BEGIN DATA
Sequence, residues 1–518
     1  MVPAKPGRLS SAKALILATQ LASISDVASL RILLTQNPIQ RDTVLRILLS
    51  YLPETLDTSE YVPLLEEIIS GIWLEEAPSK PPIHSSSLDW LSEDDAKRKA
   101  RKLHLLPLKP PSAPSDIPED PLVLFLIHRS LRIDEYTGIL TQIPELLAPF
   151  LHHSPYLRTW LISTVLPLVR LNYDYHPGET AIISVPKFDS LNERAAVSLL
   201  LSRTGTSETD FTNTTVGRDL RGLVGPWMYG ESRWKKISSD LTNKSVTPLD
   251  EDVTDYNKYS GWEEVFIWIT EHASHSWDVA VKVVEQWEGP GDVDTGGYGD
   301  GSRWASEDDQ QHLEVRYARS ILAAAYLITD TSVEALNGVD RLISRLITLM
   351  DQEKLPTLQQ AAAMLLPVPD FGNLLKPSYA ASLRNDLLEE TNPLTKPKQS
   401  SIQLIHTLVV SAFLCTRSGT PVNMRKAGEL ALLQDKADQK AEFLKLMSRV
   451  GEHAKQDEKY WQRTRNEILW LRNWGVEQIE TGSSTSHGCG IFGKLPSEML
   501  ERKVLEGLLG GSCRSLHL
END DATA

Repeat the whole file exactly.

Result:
Sequence, residues 1–518
     1  MVPAKPGRLS SAKALILATQ LASISDVASL RILLTQNPIQ RDTVLRILLS
    51  YLPETLDTSE YVPLLEEIIS GIWLEEAPSK PPIHSSSLDW LSEDDAKRKA
   101  RKLHLLPLKP PSAPSDIPED PLVLFLIHRS LRIDEYTGIL TQIPELLAPF
   151  LHHSPYLRTW LISTVLPLVR LNYDYHPGET AIISVPKFDS LNERAAVSLL
   201  LSRTGTSETD FTNTTVGRDL RGLVGPWMYG ESRWKKISSD LTNKSVTPLD
   251  EDVTDYNKYS GWEEVFIWIT EHASHSWDVA VKVVEQWEGP GDVDTGGYGD
   301  GSRWASEDDQ QHLEVRYARS ILAAAYLITD TSVEALNGVD RLISRLITLM
   351  DQEKLPTLQQ AAAMLLPVPD FGNLLKPSYA ASLRNDLLEE TNPLTKPKQS
   401  SIQLIHTLVV SAFLCTRSGT PVNMRKAGEL ALLQDKADQK AEFLKLMSRV
   451  GEHAKQDEKY WQRTRNEILW LRNWGVEQIE TGSSTSHGCG IFGKLPSEML
   501  ERKVLEGLLG GSCRSLHL